Article published on March 24, 2016.
What is it about Pushkin Press? Over the last couple of years I’ve read about half a dozen of their titles – far more than any other publisher – not least because they have all been attractively presented and appealed to my interests. Better, still, I can’t think of one of them that was a let down which is a pretty impressive achievement given some of the dross published these days.
And so it is with my latest: Soft in the Head by Marie-Sabine Roger. Originally published in French back in 2008, Frank Wynne’s translation is highly readable while retaining a certain French-ness that enhances the proposition. Germain is 45 and at peace with being ‘soft in the head’; the butt of his mates’ jokes that he sometimes still doesn’t understand. Except along comes Margueritte and the opening paragraph just drags you in and makes you sit down:
“I’ve decided to adopt Margueritte. She’ll be eighty-six any day now so there seemed no point in putting it off. Old people have a tendency to die.”
In an easy conversational style, littered with his life philosophy and how he’s arrived at this point, Germain tells how he regularly goes to the park to feed the pigeons and check their number is stable. Except, this particular day a little old lady is sitting on his bench and Germain concludes another day would be better as strangers always unsettle the birds. Except Margueritte doesn’t. All that happens is that, after a short while, she says, ‘Nineteen.’ And when he asks if she’s talking to him, she adds that there’s a new addition to the flock and away the two of them go, in a dialogue neither had anticipated.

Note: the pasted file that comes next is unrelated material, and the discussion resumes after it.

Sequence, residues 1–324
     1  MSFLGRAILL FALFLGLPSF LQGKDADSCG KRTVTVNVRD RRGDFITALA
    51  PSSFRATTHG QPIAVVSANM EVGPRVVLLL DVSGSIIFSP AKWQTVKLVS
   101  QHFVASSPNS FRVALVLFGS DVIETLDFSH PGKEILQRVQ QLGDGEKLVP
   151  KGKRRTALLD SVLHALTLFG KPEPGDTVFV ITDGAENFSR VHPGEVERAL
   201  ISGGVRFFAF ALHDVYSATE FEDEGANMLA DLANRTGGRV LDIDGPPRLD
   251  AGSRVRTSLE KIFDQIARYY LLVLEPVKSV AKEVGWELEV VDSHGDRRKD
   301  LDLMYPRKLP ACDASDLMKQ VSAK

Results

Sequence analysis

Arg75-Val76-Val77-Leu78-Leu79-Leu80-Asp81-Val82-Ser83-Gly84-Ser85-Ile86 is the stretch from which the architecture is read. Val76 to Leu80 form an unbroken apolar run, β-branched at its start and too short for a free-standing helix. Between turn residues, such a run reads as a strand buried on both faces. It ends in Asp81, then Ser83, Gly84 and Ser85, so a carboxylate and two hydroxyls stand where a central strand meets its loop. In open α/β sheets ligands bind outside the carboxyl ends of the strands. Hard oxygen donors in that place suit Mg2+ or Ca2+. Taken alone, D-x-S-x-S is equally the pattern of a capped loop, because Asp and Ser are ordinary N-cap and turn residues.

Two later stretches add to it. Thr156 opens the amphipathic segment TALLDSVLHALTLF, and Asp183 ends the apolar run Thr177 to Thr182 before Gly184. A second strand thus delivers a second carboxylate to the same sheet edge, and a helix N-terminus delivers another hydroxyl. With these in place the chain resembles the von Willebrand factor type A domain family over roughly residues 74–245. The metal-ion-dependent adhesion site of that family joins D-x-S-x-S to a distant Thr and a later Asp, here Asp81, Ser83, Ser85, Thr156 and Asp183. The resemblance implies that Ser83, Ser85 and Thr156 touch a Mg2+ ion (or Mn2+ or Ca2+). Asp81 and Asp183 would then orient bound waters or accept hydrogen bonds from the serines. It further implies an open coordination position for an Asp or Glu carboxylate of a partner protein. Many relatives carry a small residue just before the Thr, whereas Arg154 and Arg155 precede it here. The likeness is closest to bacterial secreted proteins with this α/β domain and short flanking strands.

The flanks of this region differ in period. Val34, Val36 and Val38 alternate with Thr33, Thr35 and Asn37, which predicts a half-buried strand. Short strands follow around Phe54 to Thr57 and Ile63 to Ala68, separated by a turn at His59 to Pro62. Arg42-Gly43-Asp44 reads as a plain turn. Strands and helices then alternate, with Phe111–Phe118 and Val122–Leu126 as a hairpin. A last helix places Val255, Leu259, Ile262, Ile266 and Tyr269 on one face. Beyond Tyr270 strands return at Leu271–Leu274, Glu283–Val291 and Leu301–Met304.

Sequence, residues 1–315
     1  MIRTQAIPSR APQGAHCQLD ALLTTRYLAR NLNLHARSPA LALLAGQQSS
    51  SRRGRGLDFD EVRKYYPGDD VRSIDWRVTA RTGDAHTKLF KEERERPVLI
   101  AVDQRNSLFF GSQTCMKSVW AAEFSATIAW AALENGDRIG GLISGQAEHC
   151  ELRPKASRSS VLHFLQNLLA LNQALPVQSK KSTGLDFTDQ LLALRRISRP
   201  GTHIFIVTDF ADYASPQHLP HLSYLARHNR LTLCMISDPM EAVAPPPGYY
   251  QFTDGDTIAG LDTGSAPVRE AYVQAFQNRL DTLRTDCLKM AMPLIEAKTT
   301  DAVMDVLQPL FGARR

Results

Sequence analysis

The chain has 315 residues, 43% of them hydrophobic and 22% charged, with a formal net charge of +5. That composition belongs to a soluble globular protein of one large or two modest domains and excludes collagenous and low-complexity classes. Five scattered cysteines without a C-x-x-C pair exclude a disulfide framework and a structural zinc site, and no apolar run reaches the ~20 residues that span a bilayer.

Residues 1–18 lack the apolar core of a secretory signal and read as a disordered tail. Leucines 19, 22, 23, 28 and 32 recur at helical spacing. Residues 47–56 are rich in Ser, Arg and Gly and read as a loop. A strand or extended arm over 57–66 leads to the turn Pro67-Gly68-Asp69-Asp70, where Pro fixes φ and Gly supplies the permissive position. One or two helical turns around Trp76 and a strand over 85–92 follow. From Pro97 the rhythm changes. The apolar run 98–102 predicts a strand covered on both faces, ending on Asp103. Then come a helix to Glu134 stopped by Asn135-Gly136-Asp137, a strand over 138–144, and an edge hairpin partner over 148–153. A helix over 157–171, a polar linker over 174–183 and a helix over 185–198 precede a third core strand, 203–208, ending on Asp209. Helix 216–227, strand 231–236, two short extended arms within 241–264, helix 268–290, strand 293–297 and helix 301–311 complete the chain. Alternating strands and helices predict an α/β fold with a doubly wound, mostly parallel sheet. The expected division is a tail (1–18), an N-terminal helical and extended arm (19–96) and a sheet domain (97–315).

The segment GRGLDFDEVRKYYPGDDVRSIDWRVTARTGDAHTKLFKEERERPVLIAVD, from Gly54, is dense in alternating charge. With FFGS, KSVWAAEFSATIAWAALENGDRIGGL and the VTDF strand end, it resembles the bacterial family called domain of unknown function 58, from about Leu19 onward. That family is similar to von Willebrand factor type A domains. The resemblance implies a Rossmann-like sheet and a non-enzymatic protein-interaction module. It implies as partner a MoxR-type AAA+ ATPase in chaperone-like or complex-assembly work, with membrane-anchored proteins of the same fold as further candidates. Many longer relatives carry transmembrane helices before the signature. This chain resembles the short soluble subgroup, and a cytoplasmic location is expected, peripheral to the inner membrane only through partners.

Books and language become their common ground, which is surprising because Germain can hardly read and has had no use for books for 45 years. No matter, Ms Roger deftly allows Margueritte to introduce him to, well, The Plague by Albert Camus. Carefully choosing the bits she reads out loud means Germain starts to understand an author I have always struggled with. And so his much delayed education begins. Plenty of books have focused on characters who have overcome disadvantage to achieve their life goals but few have done it with such a light touch. Germain is a big bloke but you can feel his inner being unfolding like a butterfly out of a cocoon.
I have to add at this point that I’m not a soft touch with books; now films with music from the 60s and I’m gone, lump in the throat, eyelids blinking rapidly. But not with books except with this one I was way too close to that feeling. At just over 200 pages in very short chapters (always a good idea) this could easily be designated YA but I hope Pushkin don’t go that route – it’s just too good to miss for adult readers. And it turns out there is a film already: My Afternoons with Margueritte starred Gerard Depardieu back in 2010 which I’m obviously going to have to get hold of!
Soft in the Head by Marie-Sabine Roger
Pushkin Press pbk June 2016
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